Toshio Hosokawa is composer in residence with the Netherlands Philharmonic Orchestra. He has been a member of the Academy of Fine Arts, Berlin since 2001 and a fellow of the Institute for Advanced Study in Berlin since 2006. He is the artistic director of the Takefu International Music Festival and a frequent guest at prominent contemporary music festivals, such as the Pacific Music Festival in Sapporo, Japan, the Salzburg Biennale, the Rheingau Musik Festival, and the MITO SettembreMusica Festival in Milan and Turin. In spring 2012 he was composer in residence at the Tongyeong International Music Festival. In summer 2012, he began a three year appointment as artistic director of the Suntory Hall International Program for Music Composition.

Hosokawa constantly explores the boundaries between cultures with his distinctive compositions examining the relationship between Western avant-garde art and traditional Japanese culture, and are influenced by the static structures of the Gagaku music of the Japanese court. Nature and its inherent transience also greatly influence his compositions.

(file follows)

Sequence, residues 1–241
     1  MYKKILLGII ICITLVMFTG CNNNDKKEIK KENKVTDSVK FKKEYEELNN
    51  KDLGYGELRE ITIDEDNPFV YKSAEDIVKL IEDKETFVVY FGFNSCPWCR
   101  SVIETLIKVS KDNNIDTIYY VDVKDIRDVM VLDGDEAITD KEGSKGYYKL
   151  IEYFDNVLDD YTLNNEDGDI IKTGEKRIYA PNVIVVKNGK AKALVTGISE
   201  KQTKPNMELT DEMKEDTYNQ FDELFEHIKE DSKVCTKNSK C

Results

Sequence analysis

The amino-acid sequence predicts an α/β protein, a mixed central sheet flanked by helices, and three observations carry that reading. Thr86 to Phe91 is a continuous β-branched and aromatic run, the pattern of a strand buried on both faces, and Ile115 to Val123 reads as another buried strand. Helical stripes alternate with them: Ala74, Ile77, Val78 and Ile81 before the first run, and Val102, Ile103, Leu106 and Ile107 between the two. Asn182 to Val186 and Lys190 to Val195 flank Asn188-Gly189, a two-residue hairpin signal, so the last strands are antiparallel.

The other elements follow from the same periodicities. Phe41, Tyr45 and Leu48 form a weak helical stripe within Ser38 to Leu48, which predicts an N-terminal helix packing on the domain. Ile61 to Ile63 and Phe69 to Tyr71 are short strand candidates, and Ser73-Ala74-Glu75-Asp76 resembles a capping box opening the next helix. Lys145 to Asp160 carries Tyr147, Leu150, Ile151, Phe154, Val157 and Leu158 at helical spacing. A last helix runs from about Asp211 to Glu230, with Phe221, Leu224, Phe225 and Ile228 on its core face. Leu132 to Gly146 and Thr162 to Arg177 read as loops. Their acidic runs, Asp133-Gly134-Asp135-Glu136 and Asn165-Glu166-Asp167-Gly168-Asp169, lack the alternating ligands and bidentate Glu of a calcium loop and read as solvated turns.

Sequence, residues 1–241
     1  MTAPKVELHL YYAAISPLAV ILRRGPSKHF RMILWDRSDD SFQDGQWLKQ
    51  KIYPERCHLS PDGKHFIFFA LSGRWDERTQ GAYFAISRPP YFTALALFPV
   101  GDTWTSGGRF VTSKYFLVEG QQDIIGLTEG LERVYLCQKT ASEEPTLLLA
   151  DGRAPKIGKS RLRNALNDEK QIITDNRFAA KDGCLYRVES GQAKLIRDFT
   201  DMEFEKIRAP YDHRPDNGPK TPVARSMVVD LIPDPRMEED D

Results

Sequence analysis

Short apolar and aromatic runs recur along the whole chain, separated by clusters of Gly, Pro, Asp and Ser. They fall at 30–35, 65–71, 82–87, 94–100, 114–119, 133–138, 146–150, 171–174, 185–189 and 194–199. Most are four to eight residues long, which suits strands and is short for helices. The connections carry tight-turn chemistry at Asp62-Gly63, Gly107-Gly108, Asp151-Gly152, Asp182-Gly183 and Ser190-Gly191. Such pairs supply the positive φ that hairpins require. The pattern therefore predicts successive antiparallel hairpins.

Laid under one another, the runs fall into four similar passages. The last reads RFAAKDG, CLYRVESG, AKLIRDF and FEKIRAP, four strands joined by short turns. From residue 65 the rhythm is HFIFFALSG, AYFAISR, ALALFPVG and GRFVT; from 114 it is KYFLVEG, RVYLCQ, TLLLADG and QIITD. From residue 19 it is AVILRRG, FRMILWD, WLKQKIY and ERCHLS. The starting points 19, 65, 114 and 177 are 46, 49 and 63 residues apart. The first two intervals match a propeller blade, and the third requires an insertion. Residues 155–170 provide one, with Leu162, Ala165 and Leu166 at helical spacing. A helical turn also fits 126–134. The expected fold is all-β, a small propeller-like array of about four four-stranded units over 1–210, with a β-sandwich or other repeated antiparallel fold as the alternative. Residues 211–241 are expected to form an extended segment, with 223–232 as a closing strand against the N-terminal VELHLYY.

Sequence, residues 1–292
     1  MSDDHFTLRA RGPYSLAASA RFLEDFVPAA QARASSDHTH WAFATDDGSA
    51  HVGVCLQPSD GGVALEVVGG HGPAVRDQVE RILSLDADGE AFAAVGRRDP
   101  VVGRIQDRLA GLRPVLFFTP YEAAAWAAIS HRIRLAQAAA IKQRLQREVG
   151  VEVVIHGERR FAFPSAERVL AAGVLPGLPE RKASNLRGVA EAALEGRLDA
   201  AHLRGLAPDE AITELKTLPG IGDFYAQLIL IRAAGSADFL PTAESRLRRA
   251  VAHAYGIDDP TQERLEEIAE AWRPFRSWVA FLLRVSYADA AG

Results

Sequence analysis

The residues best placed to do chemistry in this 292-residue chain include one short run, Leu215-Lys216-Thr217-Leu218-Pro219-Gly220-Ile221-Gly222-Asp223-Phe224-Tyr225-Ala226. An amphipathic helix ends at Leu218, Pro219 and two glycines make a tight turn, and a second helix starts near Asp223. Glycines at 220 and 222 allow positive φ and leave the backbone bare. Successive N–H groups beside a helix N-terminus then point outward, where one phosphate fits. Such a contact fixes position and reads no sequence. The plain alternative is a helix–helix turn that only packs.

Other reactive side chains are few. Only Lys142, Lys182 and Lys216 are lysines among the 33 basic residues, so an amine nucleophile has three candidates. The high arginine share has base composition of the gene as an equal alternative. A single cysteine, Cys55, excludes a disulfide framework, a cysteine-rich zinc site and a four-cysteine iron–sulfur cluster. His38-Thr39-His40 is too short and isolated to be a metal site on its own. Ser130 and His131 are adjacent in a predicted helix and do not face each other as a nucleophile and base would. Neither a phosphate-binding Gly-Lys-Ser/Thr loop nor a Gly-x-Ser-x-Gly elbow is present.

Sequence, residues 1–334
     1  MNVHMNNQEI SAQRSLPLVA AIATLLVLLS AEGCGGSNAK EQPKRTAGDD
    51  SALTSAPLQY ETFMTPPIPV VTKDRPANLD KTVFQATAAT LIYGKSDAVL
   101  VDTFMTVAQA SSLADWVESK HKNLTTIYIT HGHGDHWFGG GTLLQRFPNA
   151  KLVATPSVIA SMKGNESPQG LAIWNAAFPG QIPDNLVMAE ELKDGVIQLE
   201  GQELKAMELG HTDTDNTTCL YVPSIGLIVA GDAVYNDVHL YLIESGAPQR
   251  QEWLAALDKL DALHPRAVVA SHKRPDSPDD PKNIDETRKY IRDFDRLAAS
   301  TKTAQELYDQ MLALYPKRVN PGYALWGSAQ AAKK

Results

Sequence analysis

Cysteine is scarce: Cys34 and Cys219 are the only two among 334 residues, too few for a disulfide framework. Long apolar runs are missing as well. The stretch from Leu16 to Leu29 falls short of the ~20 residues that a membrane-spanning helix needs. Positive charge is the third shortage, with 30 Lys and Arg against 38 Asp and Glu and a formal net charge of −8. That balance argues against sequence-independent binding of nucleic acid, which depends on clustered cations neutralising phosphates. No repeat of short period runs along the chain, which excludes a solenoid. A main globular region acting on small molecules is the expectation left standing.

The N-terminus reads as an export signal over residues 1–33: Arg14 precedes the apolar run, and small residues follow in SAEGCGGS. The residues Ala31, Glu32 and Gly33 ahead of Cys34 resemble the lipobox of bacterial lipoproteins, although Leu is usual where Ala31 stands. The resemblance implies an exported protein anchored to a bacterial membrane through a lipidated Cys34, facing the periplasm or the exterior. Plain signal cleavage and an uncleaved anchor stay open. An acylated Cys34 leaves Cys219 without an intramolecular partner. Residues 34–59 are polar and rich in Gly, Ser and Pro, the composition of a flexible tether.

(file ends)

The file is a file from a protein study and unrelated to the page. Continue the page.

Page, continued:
Naxos  have just released Volume 1 in a series of recordings of Hosokawa’s orchestral works featuring the Royal Scottish National Orchestra  conducted by Jun Märkl  with Stefan Dohr (horn) , Momo Kodama (piano) and Anssi Karttunen (cello)


This first volume brings together Hosokawa’s Horn Concerto ‘Moment of Blossoming, his Piano Concerto Lotus under the moonlight (homage à Mozart) and Chant for Cello and Orchestra, effectively a Cello Concerto.

Horn Concerto ‘Moment of Blossoming’ (2010), jointly commissioned by the Berlin Philharmonic, the Concertgebouw of Amsterdam and the Barbican Centre of London, is dedicated to the horn player, Stefan Dohr who, not only gave the premiere, but performs the concerto on this recording. Hosokawa imagines the horn as the flower, or human being, with the orchestra as nature or the cosmos.